Researchers use thermal cameras to detect roosting birds
Where do small birds sleep? Mostly in trees is the short answer, but as so often occurs in ecology, there is more to the story…
If you were a bird, a few critical things might influence where you choose to spend the night. First and foremost, you don’t want to be eaten by a predator! And, if you want to get some rest, you can’t rely on alertness, speed and agility to escape owls or tree-dwelling mammals… So, concealment might be important. Second, you want to minimise your exposure to the elements. Smaller bodies burn kilojoules a lot faster than larger bodies, and cold winter nights can take a heavy toll on energy reserves so a thermally buffered location will also be desirable.
“For an activity that takes up a very substantial portion of a bird’s life, and where choices can mean the difference between life and death, we know surprisingly little about the ecology of sleep in birds” said co-author Rohan Clarke.
What little we do know is intriguing – for example within large communal roosts, complicated hierarchies exist where dominant birds take position at the centre of the roost - the warmest and safest position - while subordinate birds must take their chances at the periphery. While it’s relatively simple to investigate these behaviours in species that roost in large groups, it is far more challenging to even detect individuals that roost alone.
In an attempt to overcome this challenge, researchers from Monash University have been using infrared thermography, i.e. a thermal camera/scanner, to locate roosting birds of a wide range of species.
‘Thermal cameras measure heat emission. The difference in signal strength between an animal and the vegetation around it means that we can detect birds in total darkness. Another benefit is that the birds typically remain asleep, which means that this technique creates very little disturbance’, reports William Mitchell, lead author of the study.
To ensure that the technique worked, researchers carried out bird surveys during the day in an Australian woodland, and then repeated the same surveys at night using a thermal camera. They then compared detection rates of the two methods. 21 of 22 species that were commonly detected during day surveys were also found roosting at night.
“To date, we’ve recorded simple traits such as height and visibility of roost sites but this method really opens the door to dig deeper into the nocturnal behaviour of diurnal birds’ said Rohan Clarke.
“While there are some limitations, it’s great to get proof of concept for this method. We were able to quickly and efficiently detect roosting individuals for most species in our bird community with minimal disturbance” concludes William Mitchell
This research was recently published in The Journal of Field Ornithology:
Mitchell, W. F., and Clarke., R. H., 2019. Using infrared thermography to detect night-roosting birds. Journal of Field Ornithology. https://doi.org/10.1111/jofo.12285.
The charismatic Mallee Emu-wren, once widespread in the Murray-Mallee region of South Australia and Victoria, has in recent decades, been restricted to a small network of Victorian reserves by a series of bushfires.
Mallee Emu-wrens are specialised to live in hummock-grass vegetation, and while this key habitat eventually regenerates following fire, Mallee Emu-wrens have no capacity to recolonise such areas.
Another large-scale bushfire could push the endangered Mallee Emu-wren past the point of no return.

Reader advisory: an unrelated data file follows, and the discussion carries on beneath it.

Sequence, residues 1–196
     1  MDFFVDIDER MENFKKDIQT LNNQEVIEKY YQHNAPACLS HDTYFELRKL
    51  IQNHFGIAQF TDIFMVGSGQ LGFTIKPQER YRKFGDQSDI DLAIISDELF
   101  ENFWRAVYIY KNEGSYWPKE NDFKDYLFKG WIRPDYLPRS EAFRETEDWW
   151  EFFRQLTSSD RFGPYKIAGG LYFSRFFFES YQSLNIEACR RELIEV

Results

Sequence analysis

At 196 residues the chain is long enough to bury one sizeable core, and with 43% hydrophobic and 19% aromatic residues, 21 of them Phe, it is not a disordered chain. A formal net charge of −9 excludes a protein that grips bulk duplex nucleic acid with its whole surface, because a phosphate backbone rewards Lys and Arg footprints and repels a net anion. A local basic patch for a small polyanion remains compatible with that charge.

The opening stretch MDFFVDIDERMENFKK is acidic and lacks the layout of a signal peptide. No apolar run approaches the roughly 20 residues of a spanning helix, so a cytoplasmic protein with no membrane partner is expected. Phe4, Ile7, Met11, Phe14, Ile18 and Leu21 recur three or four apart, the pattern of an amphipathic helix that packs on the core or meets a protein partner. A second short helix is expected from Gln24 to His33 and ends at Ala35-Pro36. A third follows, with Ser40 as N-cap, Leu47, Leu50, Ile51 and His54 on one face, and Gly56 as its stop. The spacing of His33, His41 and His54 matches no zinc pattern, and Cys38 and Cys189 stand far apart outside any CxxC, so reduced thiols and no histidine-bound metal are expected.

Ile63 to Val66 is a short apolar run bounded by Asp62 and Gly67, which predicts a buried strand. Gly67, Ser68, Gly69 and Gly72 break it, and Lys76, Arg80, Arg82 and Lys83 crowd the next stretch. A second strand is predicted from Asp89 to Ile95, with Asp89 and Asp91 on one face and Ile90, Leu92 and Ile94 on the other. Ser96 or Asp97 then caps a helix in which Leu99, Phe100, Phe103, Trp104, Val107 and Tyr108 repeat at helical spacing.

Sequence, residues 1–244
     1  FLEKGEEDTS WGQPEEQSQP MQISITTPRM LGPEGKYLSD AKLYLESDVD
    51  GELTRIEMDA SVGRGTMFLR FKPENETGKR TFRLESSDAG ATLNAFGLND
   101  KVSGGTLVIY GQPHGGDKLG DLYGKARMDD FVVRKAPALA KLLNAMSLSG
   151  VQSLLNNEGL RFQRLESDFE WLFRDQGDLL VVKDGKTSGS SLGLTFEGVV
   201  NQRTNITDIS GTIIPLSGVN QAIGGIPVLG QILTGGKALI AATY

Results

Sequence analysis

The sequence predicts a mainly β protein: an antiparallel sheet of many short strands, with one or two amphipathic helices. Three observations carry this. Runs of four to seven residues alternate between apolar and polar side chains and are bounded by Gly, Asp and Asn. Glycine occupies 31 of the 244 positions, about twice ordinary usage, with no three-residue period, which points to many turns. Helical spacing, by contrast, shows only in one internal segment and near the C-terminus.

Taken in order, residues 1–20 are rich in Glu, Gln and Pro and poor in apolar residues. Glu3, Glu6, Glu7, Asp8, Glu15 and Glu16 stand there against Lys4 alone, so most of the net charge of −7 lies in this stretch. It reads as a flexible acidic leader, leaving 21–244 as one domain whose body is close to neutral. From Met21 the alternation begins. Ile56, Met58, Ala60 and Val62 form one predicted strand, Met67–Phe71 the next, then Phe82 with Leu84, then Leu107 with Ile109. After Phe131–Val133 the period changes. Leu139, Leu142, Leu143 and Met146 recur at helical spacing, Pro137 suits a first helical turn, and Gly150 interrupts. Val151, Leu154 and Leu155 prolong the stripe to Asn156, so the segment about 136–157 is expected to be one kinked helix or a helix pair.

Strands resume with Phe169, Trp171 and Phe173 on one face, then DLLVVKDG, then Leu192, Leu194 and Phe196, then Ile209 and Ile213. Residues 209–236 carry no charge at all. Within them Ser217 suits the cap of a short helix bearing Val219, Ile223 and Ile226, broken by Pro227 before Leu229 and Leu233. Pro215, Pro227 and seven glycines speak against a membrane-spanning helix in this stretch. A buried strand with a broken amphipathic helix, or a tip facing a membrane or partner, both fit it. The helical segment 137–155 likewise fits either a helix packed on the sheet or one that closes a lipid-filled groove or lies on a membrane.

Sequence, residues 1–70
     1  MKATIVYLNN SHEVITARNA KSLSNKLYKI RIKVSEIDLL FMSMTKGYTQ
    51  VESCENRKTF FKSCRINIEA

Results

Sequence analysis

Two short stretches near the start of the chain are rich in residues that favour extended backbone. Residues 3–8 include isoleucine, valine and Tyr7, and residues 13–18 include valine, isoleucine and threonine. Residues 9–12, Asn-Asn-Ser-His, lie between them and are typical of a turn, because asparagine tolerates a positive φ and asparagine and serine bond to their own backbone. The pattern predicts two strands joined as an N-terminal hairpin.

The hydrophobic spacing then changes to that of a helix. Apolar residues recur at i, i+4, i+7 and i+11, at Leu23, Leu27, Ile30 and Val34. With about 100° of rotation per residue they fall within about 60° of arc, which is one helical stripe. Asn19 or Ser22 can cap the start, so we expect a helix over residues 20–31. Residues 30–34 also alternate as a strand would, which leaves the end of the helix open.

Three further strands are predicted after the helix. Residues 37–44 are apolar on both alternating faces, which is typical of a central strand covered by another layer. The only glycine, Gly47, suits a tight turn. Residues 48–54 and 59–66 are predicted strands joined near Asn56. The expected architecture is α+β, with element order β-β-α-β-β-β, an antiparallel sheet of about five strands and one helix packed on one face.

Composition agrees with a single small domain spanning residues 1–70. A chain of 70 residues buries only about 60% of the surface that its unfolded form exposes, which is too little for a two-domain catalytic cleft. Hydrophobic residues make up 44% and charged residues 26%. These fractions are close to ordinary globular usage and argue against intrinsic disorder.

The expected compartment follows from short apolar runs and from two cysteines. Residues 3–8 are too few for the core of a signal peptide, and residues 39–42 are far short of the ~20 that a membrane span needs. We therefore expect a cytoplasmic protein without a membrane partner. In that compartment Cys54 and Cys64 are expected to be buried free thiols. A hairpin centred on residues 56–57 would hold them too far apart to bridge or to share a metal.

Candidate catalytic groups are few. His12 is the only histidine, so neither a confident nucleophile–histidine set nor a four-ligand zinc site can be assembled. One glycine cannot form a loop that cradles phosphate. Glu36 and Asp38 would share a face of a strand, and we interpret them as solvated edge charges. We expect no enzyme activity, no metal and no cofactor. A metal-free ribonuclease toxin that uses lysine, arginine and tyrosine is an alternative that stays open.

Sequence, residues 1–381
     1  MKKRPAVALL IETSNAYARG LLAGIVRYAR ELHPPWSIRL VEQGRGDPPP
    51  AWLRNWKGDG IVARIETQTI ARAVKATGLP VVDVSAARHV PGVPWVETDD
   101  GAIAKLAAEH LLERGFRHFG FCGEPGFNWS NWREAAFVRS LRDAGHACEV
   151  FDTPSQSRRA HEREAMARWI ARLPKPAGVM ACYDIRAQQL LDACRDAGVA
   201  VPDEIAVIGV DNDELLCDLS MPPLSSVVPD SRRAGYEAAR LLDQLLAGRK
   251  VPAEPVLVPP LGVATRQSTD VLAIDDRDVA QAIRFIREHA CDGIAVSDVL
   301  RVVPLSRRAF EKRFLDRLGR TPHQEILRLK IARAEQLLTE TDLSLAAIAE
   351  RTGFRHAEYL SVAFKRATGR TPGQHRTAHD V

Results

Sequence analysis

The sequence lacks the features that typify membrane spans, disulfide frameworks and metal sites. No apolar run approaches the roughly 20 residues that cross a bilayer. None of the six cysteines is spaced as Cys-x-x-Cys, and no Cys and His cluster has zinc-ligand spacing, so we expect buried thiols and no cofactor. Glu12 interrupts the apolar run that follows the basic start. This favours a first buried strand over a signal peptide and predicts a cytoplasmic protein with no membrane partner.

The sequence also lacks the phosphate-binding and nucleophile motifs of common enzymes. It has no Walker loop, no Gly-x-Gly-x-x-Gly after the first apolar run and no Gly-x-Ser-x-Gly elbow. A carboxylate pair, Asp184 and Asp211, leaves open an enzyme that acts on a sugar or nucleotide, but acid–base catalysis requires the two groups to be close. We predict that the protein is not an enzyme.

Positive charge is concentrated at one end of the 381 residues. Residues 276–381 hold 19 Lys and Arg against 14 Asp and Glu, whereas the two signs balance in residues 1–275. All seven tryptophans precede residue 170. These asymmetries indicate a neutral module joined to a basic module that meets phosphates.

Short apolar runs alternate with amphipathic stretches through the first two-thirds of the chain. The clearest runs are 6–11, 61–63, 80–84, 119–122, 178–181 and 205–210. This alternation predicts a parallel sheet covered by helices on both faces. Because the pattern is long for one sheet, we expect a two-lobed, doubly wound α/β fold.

They have just recently been involved with the successful translocation of an additional 38 birds back into Ngarkat Conservation Park in South Australia.
“In 2018, 78 Mallee Emu-wrens were translocated from Murray-Sunset and Hattah-Kulkyne National Parks in Victoria to Ngarkat Conservation Park as part of a trial to determine the suitability and effectiveness of translocation as a conservation strategy for the Mallee Emu-wren,” said Dr Rohan Clarke.
“Using this translocation as a model system, we are looking at which planning, implementation, and long-term monitoring can be improved in translocations of threatened species,” he said.
PhD candidate Will Mitchell said tracking of the released birds was difficult given their tiny size and elusive behaviour.
“We were blown away when we found a significant number of paired birds with young fledglings,” he said.
Will hopes that a key outcome of his research will be to provide a framework for conservation managers to assess how many individuals can be removed sustainably from a population for the purpose of translocation.
“At a local scale, the successful re-introduction of the Mallee Emu-wren to Ngarkat Conservation Park will increase the global population of the species, provide an insurance population against further catastrophic wildfires in currently occupied Mallee Emu-wren habitat, and pave the way for larger-scale re-introductions into other reserves from which the Mallee Emu-wren has become extinct,” Will said.
Co-authored by Rohan Clarke
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02/20/2019 in NewsResearchers use thermal cameras to detect roosting birds Where do small birds sleep? Mostly in...
11/30/2018 in NewsThe charismatic Mallee Emu-wren, once widespread in the Murray-Mallee region of South Australia...
- Matcott, J., Baylis, S. & Clarke, R.H. (2019) The Influence of Petroleum Oil Films on the Feather Structure of Tropical and Temperate Seabird Species. Marine Pollution Bulletin.
- Baker, D.J., Garnett, S.T., O’Connor, J., Ehmke, G., Clarke, R.H., Woinarski, J.C.Z. & McGeoch, M.A. (2018) Conserving the abundance of non-threatened species. Conservation Biology.
- Baylis, S.M., Drynan, D., Clarke, N., Van, M., Sunnucks, P., and Clarke, R.H. (2018) Estimates of wear rates in metal bird bands, with applications for survival and movement models of marked individuals. Journal of Field Ornithology.